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Those who must work in deadly India heat wave

More than 1,400 people have died from high heat over the past 30 days in India.

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    An Indian man rests on a hand cart under a market umbrella on a hot day in Ahmadabad, India, Thursday, May 28, 2015.
    Ajit Solanki/AP
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Eating onions, lying in the shade and splashing into rivers, Indians were doing whatever they could Thursday to stay cool during a brutal heat wave that has killed more than 1,400 in the past month.

But some had no choice but to venture into the heat.

"Either we have to work, putting our lives under threat, or we go without food," farmer Narasimha said in the badly hit Nalgonda district of southern Andhra Pradesh state.

Meteorological officials have said the heat would likely last several more days — scorching crops, killing wildlife and endangering anyone laboring outdoors. Officials warned people to stay out of the sun, cover their heads and drink plenty of water. Still, poverty forced many to work despite the risks.

"If I don't work due to the heat, how will my family survive?" said construction worker Mahalakshmi, who earns a daily wage of about $3.10 in Nizamabad, a city about 150 kilometers (93 miles) north of the state capital of Hyderabad.

Most of the 1,412 heat-related deaths so far have occurred in Andhra Pradesh and neighboring Telangana, where temperatures have soared to 47 degrees Celsius (117 degrees Fahrenheit), according to government figures.

"The rains which have eluded us for the last couple of years have created serious drought conditions," said state minister K.T. Rama Rao in Telangana, which was carved out of Andhra Pradesh as a separate state just last year.

"This is unprecedented ... so there is a little bit of panic," he said. "Hopefully the monsoon will be on time. Hopefully we will receive rain very, very soon."

Among the most vulnerable were the elderly and the poor, many of whom live in slums or farm huts with no access to air conditioners or sometimes even shade-giving trees.

Those who were able avoided the outdoors, leaving many streets in normally busy cities nearly deserted.

"With so many people dying due to the heat, we are locking the children inside," teacher Satyamurthy said in Khammam, which registered its highest temperature in 67 years on Saturday when the thermometer hit 48 degrees Celsius (more than 118 Fahrenheit).

Cooling monsoon rains were expected to arrive next week in the southern state of Kerala and gradually advance north in coming weeks.

Until then, volunteers were passing out pouches of salted buttermilk or raw onions — both thought to be hydrating. People used handkerchiefs and scarves to block searing winds and stifling air from their faces.

Across the country, teenagers flocked to water basins and rivers to cool off. Many adults took refuge atop woven cots in the shade.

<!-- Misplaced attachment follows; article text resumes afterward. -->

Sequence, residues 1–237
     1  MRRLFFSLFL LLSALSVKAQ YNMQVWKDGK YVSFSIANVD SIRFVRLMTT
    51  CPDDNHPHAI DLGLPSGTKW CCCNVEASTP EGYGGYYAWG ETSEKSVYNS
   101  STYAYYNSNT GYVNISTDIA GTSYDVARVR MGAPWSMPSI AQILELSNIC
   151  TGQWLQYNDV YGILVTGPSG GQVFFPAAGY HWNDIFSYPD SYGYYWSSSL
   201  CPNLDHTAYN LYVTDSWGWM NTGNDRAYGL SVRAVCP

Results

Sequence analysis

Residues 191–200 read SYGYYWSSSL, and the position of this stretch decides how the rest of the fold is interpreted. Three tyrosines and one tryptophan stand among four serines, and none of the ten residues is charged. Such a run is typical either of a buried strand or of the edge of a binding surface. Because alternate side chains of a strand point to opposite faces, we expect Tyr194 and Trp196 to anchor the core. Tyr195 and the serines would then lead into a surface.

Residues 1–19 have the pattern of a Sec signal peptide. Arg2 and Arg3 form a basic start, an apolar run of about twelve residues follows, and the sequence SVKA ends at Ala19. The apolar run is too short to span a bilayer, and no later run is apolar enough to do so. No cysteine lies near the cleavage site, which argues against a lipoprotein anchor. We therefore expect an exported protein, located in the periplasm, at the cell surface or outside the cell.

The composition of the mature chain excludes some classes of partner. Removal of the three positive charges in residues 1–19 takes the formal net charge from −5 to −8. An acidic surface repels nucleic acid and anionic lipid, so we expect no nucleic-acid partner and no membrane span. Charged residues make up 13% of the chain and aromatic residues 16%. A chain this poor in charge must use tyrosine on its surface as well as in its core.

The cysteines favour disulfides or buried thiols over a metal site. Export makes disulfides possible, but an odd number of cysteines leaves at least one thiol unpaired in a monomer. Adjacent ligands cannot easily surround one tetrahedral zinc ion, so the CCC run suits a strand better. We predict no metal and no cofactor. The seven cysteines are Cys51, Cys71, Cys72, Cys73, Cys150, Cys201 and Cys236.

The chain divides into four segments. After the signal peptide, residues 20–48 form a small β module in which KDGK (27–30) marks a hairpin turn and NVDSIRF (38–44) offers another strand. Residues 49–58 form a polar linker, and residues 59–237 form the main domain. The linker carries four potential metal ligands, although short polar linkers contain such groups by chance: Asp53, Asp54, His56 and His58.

Newspapers devoted full pages to covering the heat wave and its effects, with headlines saying "Homeless bake in tin shelters" and "birds & animals drop dead."

In cities like New Delhi, crowds of office workers gathered around stalls selling fruit drinks and iced water, while police officers wearing sweat-soaked shirts squinted into the sun while directing road traffic.

At the zoo, leopards and tigers lay panting in the shade until zoo keepers came by every two hours with hoses. One white tiger rolled around in obvious delight while being sprayed with water. Elephants drank thirstily and lolled in a pond.

"We are even spraying the reptiles," Delhi Zoo curator Riyaz Khan said, noting fans were also set up to keep enclosures cooler, while the animals were also receiving glucose in their drinking water.

In the northern Indian states of Punjab and Haryana, Sikhs distributed free glasses of rose-scented milk to the public. Brief spurts of rain brought temporary relief to pockets of the nation, including the southern city of Chennai and the eastern city of Jharkhand.

Forecasting service AccuWeather described this as the most intense heat wave in India in recent years. The death toll for Andhra Pradesh alone, at 1,360, was higher than during a 2003 heat wave when 1,300 died in what was then a unified state including both Telangana and Andhra Pradesh.

Doctors were on alert for heat-related illness like sun stroke, and were telling people venturing outdoors to cover their heads and wear light, loose clothing, said health officer Sarojini in the city of Vishakapatnam who goes by one name, as is common in the region.

Telangana's school board postponed the start date for colleges for a week from Monday. The state also opened centers where cold water was being served, and changed the working hours for rural employment schemes, disaster management official Sada Bhargavi said.

Hyderabad resident Rajaiah, who goes by one name, was doing his newspaper delivery route at dawn to avoid peak temperatures.

"It is difficult to do this work in this harsh weather, but I have a family to take care of."

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